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posted/updated: 12 Aug 2018 -
Brexit - ★★★★
By Robert Khan and Tom Salinsky. Produced by The Spontaneity Shop
society/company: Edinburgh Festival Fringe (directory)
performance date: 11 Aug 2018
venue: Pleasance Beyond
reviewer/s: Chris Abbott (Sardines review)


This was not an event to miss; a newly written drama about Brexit with all the parts played by comedy and media names. As the Prime Minister, radio’s David Archer, Timothy Bentinck, might not have been a familiar face but was instantly recognisable to many of the audience as soon as he spoke. He also turned out to be an experienced and effective actor, and very much the pivot of the whole piece.

Around the PM swirled a supporting cast of battling Ministers and consultants, plus Jo Caulfield as a totally convincing EU negotiator. Caulfield’s background is mainly in comedy but she was totally at home in this scripted piece, which is more than can be said for some of the rest of the cast. Pippa Evans, so good at improvisation, seemed uneasy with the demands of a rigid script, as did Mike McShane as a consultant. Hal Cruttenden trained as an actor and seemed up to the demands but his character was not as distinctive as some of the others.

Despite these caveats, this was a very entertaining 75 mins but would probably be even more successful if it had stopped after an hour. It was played out against a proper set (Sophia Simensky) and directed by Tom Salinsky, who might not have required so much of the action to take place from a seated position if he had known about the deficiencies of the sightlines at Pleasance Beyond.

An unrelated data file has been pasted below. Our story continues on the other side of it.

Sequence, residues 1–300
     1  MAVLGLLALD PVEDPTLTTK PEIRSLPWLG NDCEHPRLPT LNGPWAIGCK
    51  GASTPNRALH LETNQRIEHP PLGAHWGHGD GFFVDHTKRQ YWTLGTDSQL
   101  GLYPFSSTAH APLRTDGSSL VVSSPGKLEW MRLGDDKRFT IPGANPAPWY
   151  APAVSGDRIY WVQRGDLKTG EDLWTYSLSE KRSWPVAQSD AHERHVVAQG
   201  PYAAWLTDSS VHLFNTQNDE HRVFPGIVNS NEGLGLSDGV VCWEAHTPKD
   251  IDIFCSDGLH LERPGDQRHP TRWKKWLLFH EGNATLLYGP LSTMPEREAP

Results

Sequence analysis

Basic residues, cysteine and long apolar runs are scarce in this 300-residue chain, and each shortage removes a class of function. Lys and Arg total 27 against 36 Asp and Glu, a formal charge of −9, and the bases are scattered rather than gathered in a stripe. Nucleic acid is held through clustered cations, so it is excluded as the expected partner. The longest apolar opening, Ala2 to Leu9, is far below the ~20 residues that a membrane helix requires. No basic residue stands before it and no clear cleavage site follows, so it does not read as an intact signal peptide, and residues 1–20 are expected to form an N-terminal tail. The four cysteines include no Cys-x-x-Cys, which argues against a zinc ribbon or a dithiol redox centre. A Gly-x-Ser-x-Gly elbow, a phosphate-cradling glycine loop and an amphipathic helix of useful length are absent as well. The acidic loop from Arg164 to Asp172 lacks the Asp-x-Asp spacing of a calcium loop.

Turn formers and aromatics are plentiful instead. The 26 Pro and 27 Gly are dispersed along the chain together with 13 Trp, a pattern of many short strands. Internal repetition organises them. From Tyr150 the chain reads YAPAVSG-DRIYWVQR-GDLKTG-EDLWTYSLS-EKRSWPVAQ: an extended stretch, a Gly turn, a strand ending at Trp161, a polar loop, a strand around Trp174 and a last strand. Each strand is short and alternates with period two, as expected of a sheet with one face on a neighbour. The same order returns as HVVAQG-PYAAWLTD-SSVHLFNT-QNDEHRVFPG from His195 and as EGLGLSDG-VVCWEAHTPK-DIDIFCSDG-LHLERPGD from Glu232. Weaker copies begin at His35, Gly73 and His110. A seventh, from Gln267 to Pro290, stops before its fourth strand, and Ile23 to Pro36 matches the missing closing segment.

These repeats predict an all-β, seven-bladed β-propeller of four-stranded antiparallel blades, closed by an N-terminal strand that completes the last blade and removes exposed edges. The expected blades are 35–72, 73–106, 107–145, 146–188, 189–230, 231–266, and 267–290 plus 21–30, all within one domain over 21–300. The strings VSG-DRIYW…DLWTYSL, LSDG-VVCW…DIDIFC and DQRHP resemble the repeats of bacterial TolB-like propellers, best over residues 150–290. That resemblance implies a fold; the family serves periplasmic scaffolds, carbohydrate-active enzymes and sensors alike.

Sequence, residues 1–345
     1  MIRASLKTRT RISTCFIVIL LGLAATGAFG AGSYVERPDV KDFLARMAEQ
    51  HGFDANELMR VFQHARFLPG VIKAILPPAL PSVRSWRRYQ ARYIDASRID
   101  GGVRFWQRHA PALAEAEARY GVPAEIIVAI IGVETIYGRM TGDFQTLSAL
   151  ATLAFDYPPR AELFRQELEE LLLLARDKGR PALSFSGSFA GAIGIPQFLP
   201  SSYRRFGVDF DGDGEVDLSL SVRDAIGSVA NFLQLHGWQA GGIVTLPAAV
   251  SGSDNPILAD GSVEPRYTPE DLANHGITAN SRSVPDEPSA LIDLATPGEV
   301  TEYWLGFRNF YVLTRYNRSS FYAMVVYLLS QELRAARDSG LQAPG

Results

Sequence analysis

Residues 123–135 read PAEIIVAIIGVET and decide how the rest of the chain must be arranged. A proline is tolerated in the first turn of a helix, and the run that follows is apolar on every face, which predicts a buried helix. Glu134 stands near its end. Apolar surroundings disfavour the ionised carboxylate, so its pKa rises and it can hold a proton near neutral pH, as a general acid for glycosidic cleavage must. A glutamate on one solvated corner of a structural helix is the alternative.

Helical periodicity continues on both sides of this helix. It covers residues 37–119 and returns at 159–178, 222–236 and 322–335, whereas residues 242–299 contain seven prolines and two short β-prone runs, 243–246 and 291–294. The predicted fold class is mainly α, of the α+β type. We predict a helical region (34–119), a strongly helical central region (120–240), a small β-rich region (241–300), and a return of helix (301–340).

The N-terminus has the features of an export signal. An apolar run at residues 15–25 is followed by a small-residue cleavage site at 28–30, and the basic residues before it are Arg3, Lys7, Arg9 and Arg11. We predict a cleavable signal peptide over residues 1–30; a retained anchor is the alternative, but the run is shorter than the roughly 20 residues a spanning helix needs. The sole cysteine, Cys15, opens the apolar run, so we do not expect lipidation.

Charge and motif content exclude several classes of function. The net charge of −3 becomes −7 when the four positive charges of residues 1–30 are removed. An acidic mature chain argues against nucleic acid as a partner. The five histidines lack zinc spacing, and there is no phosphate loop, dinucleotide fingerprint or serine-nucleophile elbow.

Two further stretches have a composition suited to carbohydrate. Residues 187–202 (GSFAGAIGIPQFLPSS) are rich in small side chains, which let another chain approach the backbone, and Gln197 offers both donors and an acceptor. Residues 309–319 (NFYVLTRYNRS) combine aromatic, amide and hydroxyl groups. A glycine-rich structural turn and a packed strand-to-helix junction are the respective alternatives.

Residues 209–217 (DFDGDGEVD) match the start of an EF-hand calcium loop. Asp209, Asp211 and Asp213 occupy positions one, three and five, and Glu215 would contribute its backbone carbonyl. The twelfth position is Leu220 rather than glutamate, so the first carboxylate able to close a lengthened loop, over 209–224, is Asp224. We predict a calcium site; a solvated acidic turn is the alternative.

Salinsky was also co-author with Robert Khan, who was himself one of the producers – perhaps another example of the need for a dispassionate and detached producer who will get the most out of a production. The gags were good, however, and this cast know how to deliver them, so a good time was had by the capacity audience, and the narrative developed to a satisfactory conclusion.

There were even a few core truths included, such as the suggestion the “the Remain side were too used to winning.” The music-underscored transitions helped to smooth out the large number of separate scenes, more suited to television than stage, and the narrative built to an effective crescendo. A tale of the Tory party in turmoil then, but perhaps with an ending more rooted in wish fulfilment than reality.

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